1

I'm doing a proof of concept on continuous integration and whether our development team will benefit from automated builds and automated deployments to reduce human error. I've already come quite far in the process but have some questions on how to configure our incremental builds to avoid rebuilding of dependencies that had no code changes. In addition I’d like our deployment tool to identify and deploy only assemblies rebuilt as a result of a code change.

We already use Microsoft products like TFS for source control, Visual Studio for development and Team Foundation Build for continuous integration builds. We’re currently leaning toward InRelease for deployment as it seem to integrate well with Team Foundation Build.

But first, here is our current setup...

  1. There are 200+ C# solution files, each containing one or more projects. It is not practical in the environment to combine these projects into less solutions, i.e. by design. Projects within a solution uses project references to resolve dependencies and file references to projects in other solutions. As far as I know, this is the recommended approach by Microsoft when dealing with a large amount of projects.

  2. We use a "branch by feature" strategy e.g. isolated development on concurrent features branches which is merged up to a stable Main branch when complete. When it's time for a release, a release is branched from main and isolated for hotfixes and deployment. The feature branches and main branch have a CI build triggered by code check-ins. Releases will mostly like be manually executed from InRelease against a selected release branch. A release will be deployed through various environments including INTEGRATION/TEST, UAT and ultimately to all our clients. We're still fleshing out the details of branching strategy, but that's a question for another time.

The current problems to solve:

1. Avoid rebuilding of dependencies that have no code changes...

When we deploy new functionality or a patch to a client, we want to push the absolute minimum in files. Our company has a very large customer base (thousands of customers) with sometimes slow internet connections, so doing a full deployment of all assemblies (200+) to every customer is not an option. I've partially solved the problem by setting up incremental builds which correctly rebuilds only changed projects as expected but also rebuilds all the dependent projects even though NO CODE CHANGES were made to them. This results in both the changed assemblies and dependencies having new timestamps. If we use the change of timestamp to identify which assemblies to deploy, then this would result in deployment of functionally unchanged assemblies. The goal here is to deploy only assemblies where the code has changed and assemblies where breaking changes occur.

For example:

Solution B, has a project called Project B Solution A, has a project called Project A

Project B -> Project A (where Project A has a file dependency on Project B)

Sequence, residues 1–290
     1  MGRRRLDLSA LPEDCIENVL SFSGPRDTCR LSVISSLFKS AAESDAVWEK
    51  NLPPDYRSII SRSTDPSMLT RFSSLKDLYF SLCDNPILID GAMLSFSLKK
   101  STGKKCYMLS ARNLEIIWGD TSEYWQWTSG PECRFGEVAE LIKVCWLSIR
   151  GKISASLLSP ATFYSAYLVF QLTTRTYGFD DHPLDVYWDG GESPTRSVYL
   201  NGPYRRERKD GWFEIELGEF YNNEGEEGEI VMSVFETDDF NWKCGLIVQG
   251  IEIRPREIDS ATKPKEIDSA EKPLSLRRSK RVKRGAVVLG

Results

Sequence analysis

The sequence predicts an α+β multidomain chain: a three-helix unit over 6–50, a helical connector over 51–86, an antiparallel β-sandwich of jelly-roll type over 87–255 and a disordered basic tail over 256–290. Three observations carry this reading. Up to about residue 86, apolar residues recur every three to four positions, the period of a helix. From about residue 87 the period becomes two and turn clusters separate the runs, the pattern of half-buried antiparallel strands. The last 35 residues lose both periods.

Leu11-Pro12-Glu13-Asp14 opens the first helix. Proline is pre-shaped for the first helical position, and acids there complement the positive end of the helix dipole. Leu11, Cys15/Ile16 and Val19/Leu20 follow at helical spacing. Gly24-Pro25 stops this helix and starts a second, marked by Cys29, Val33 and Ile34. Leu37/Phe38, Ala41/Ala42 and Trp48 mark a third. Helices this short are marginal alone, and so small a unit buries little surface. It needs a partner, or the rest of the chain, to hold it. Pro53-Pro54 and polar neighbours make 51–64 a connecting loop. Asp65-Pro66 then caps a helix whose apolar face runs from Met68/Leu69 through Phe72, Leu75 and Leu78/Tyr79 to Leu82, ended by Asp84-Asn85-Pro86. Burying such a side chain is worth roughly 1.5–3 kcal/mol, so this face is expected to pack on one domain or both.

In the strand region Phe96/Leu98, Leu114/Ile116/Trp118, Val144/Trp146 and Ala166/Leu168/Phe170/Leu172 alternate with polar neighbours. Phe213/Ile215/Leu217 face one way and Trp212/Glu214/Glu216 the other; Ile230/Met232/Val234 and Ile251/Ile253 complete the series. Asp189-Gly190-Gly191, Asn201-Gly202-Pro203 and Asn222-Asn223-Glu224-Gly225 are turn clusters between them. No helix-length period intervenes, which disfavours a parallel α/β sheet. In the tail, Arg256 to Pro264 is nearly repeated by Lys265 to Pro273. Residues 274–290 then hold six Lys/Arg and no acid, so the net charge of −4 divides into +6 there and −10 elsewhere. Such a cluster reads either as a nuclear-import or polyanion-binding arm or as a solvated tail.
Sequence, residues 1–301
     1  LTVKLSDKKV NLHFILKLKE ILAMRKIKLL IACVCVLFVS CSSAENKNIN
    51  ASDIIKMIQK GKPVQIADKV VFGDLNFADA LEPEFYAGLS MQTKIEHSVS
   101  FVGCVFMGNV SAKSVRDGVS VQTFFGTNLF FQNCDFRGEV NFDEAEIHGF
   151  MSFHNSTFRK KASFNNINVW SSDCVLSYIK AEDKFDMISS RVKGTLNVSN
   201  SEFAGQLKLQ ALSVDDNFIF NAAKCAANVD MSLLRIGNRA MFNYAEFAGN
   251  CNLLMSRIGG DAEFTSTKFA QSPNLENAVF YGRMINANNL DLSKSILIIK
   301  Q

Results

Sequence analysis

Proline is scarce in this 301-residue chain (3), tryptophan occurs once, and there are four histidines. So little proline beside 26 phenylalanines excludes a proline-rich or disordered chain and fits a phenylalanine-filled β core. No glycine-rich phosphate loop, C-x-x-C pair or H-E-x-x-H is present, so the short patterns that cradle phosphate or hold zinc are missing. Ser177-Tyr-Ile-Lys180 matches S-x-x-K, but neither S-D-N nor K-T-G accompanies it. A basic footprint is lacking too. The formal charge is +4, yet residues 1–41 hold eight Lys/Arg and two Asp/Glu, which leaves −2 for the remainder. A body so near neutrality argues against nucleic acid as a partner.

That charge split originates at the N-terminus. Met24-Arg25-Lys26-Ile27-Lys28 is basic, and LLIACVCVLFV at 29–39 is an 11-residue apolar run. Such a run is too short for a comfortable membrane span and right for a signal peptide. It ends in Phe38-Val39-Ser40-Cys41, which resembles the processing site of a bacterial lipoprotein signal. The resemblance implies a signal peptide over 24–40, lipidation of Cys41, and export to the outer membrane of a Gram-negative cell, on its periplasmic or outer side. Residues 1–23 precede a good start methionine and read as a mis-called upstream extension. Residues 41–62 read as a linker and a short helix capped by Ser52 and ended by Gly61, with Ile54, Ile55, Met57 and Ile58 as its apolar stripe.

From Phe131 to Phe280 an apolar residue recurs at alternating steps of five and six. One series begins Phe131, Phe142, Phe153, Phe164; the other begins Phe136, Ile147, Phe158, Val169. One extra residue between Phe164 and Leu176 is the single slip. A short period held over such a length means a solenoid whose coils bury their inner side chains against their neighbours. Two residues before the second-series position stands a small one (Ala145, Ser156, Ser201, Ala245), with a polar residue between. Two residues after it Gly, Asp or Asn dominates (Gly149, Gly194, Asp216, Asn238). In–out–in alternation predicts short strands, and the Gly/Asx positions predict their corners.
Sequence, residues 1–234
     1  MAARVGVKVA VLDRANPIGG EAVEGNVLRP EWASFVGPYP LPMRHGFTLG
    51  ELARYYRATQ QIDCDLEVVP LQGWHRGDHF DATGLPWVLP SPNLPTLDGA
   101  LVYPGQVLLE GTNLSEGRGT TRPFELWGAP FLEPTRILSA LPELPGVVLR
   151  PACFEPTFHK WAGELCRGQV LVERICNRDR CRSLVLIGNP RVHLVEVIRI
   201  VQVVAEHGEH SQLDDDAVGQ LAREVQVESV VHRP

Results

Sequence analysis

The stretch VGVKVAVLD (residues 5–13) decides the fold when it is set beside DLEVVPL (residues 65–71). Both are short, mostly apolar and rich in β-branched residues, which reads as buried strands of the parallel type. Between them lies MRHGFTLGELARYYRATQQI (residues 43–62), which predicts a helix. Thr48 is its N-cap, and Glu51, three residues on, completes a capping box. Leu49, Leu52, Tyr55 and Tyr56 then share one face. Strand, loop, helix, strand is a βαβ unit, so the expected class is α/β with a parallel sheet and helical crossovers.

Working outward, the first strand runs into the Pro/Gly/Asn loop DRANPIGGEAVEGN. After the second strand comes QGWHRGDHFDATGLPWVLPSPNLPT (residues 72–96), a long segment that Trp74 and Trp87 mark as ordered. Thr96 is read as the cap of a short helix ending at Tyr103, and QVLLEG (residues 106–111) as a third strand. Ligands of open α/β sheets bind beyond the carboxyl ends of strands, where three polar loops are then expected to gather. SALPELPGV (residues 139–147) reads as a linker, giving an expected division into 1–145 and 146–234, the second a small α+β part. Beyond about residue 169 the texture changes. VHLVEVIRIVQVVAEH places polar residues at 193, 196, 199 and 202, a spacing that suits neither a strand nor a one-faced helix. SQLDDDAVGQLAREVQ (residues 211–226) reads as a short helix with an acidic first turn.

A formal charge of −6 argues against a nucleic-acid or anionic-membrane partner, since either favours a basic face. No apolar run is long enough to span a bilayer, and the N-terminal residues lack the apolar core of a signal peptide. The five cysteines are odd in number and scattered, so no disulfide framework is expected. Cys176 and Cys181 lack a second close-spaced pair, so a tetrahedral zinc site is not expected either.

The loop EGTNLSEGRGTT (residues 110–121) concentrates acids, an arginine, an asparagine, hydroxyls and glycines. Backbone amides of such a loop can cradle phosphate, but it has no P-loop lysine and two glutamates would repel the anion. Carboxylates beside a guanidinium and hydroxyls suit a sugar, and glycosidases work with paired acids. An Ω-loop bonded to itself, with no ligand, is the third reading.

When a non-breaking change is made in Project A, say to the interior of a method, then the expected result is: only A is built and therefore a candidate for deployment. When a breaking change is made in Project A then that will break Project B, the expected result is: Both A and B is built and therefore a candidate for deployment. Currently MSBuild rebuilds all dependents regardless, which is not what we want.

2. Automatically identify which assemblies should be deployed...

I have a partial solution to the problem. When a build is performed, my build process template is configured to run a MSBuild script containing a list of solutions to build in a particular order. This operation is performed in the build agent’s workspace. Every time a new build is performed the build process template creates an unique drop folder in the format and copies the binaries from the build agent workspace to the drop folder. This is out of the box functionality taken care of by the standard build process template. The build has been configured not to clear the build agent workspace, so the first time it runs it will build all projects within a solution but subsequent builds will only build projects that have code changes or is dependent on other projects (incremental build?). Therefore unchanged assemblies will have the original time stamps and changed assemblies will have new timestamps. We have a tool that can do folder comparisons between drop folders and output the results to a txt file. This allows us to identify which binaries have been added/changed/removed since the last deployment. It also gives us the added benefit of comparing the list of actual artefacts to a manifest of expected artefacts as defined by the developer. This will ensure that no assemblies get deployed that has not been specified and proven to be unit tested.

The question is how can be we leverage InRelease to deploy only the required files as per the example above and not all files in the drop folder?

0
  1. Install a TFS Proxy in before your build machine, this reduce the net traffic
  2. You will start with a branch strategy like Service Pack, you can read a documentation about in ALM Rangers guidance... And adapt you process template to build just the part of code changed. I think in BRD Lite, another guidance by ALM Rangers, you will found more information.

Your Answer

By clicking “Post Your Answer”, you agree to our terms of service, privacy policy and cookie policy

Not the answer you're looking for? Browse other questions tagged or ask your own question.